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NSE closes in positive territory for the second time this week

The Nigerian Stock Exchange (NSE) ended Tuesday’s trading session in positive territory. The All-Share Index closed at 27,586.79 basis points, up 0.08%.

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Nigerian Stock Exchange, NSE

The Nigerian Stock Exchange (NSE) ended Tuesday’s trading session in positive territory. The All-Share Index closed at 27,586.79 basis points, up 0.08%. Year to date, the index is down by 12.23%.

Top Gainers

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International Breweries Plc was the best-performing stock today. The stock gained 10% to close at N11. Cornerstone Insurance Plc gained 8.70% to close at N0.25. Continental Reinsurance Plc gained 8.67% to close at N1.63. Ecobank Transnational Inc also gained 5.48% to close at N7.70. Mutual Benefits Assurance Plc rounded off the top five gainers for today. The stock gained 4.76% to close at N0.22.

Top Losers

On the flip side, Tripple Gee and Company Plc was the worst-performing stock, declining by 9.52% to close at N0.57. Sterling Bank Plc fell by 8% to close at N2.30. UACN Property Development Company Plc fell by 6.82% to close at N0.82. Lasaco Assurance Plc fell by 6.67% to close at N0.28. Union Bank Nigeria Plc also rounded off the top five losers for the day. The stock shed 5.71% to close at N6.60.

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[READ MORE: NSE turns bearish again, as Fidson Healthcare Plc marks worst day yet]

Top Trades by Volume

UACN Property Development Company Plc was the most actively-traded stock today. 61.66 million shares valued at N50.6 million were traded in 19 deals. Access Bank Plc was next with 55.14 million shares valued at N369.35 million traded in 127 deals, followed by Guaranty Trust Bank Plc with 52 million shares valued at N1.39 billion traded in 302 deals.

sound, C & I Leasing Plc, NSE launches factbook, Top 10 stockbroking firms

Nigerian Stock Exchange

Transnational Corporation of Nigeria Plc was next with 26.53 million shares valued at N27 million traded in 81 deals. UAC of Nigeria Plc rounded off the top five most actively traded stocks today with 15.71 million shares valued at N74.18 million traded in 186 deals.

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Corporate Actions

The Board of Directors of UAC of Nigeria Plc and UACN Property Development Company Plc, jointly disclosed recapitalisation and restructuring plans.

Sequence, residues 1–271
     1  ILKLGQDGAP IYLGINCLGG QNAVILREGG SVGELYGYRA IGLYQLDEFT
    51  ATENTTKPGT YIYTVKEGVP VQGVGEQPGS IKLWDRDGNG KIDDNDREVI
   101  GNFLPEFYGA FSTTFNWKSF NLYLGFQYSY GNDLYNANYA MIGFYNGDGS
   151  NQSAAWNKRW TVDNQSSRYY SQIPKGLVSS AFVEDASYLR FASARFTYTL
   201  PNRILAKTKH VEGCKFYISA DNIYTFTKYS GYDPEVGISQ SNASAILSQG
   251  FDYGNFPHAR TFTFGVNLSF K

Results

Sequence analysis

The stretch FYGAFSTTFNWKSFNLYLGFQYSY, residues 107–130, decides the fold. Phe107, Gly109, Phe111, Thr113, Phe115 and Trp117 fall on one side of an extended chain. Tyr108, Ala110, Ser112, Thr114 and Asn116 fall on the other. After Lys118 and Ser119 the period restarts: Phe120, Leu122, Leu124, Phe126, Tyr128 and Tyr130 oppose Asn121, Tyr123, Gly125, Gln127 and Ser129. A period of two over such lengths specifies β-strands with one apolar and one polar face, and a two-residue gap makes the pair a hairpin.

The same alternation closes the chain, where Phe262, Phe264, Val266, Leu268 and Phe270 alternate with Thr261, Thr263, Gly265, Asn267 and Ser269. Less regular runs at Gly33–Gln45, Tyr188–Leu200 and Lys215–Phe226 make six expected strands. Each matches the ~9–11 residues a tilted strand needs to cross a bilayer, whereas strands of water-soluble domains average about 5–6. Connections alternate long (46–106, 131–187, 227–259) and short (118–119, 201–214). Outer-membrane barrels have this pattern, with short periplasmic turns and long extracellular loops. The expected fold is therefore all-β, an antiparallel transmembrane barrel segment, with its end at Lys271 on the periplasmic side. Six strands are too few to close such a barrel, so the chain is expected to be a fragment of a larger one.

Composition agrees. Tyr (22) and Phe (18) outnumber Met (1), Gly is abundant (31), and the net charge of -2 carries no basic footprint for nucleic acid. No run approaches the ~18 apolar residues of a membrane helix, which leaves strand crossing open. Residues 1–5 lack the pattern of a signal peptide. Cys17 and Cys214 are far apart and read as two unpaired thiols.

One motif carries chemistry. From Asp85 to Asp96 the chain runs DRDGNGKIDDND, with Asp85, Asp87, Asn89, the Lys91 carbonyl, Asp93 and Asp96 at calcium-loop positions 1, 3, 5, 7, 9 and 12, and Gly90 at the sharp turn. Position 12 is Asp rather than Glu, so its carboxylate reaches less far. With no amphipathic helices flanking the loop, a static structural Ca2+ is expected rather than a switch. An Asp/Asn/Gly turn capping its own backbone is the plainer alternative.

Patricia

Honeywell Flour Mills Plc also disclosed that its 10th Annual General Meeting will hold at the Civic Centre, Ozumba Mbadiwe Street, Victoria Island, Lagos, on Thursday 26th of September 2019, at 11:00 am.

Julius Berger Nigeria Plc declared its interest in participating in the upcoming bidding process for the Camalaniugan (Cagayan) Bridge (“the Camalaniugan project”) in a consortium with Frey-Fil Corporation in the Philippines.

[READ MORE: Nigerian Stock closes in positive territory]

Chams Plc announced the retirement of Mr Sunday Olufemi Williams as its Group Managing Director/Chief Executive Officer, and the appointment of Mr Gavin Young as the new Group Managing Director/Chief Executive Officer, effective from November 1, 2019.

Studio Press Nigeria PLC also notified the public of its decision to restructure the company.

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Business News

Oil & Gas: DPR announces 2020 marginal field licensing round

While we see the need for these asset sales to generate much-needed revenue for the Federal Government, we are concerned that a bidding process under the current environment will be fraught with difficulties.

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DPR

The Department of Petroleum Resources (DPR) on Monday announced the commencement of the 2020 marginal field bid round. This bid round is coming 18 years after the last bid round in 2002 and is open to indigenous oil & gas companies and investors interested in participating in the exploration and production business in Nigeria. Marginal fields are known oil or gas discoveries on an IOC-owned block and where there has been no activity in at least the last 10 years. With the agreement of the IOC, the DPR carves-out a piece of land surrounding the discovery and this becomes a Marginal field. On this occasion, there are 57 marginal fields available for bidding, including 11 fields revoked by the DPR.

The exercise would be conducted electronically and would include expression of interest/registration, pre-qualification, technical and commercial bid submission, and bid evaluation. The process is expected to be completed in six months. The first bid round that was formally organised by the FGN began in 2001 and was concluded in 2003. At the end of the bid round, 24 licenses were awarded to 31 indigenous companies. Another bid round was proposed in 2013 with a lot of preparation and guidelines released. Unfortunately, it never held.

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Flagging off this bid round under the current economic situation points to the government’s urgent need for funds. According to the DPR guidelines, interested bidders will be required to pay a total of US$115,000 and N5m in non-refundable statutory fees comprising an application fee of N2 million per field, Bid Processing Fee of N3million per field, Data Prying fee of $15,000 per field, Data Leasing fee of $25,000 per field, Competent Persons Report of $50,000 and $25,000 for Fields Specific Report.

While we see the need for these asset sales to generate much-needed revenue for the Federal Government, we are concerned that a bidding process under the current environment will be fraught with difficulties. Firstly, the current fluctuations in oil prices may mean that intending investors may base their valuations on pricing models that can become unrealistic in the near term and then are unable to develop such fields acquired. Many local companies have been hard hit by the effects of covid -19 and the ensuing significant decline in oil prices, hence they may not have sufficient cash flows nor be able to raise needed funds from both local and international banks.

In addition, we see regulatory difficulties hampering interest in the fields. For example, the lack of passage of the long awaited Petroleum Industry Bill (PIB) remains a significant deter. Furthermore, the recently passed Deep Offshore and Inland Basis Production Sharing Contracts (Amendment) Act (DOA) has made investments in Nigeria oil & gas assets less attractive. These negative regulatory sentiments has led to many IOCs decreasing investments in the Nigerian oil & gas industry. Overall, we think this may result in many of the fields ending up in the hands of individuals with cash but with no industry expertise. Again, with the current economic crunch, many of the fields may be sold significantly below their fair value.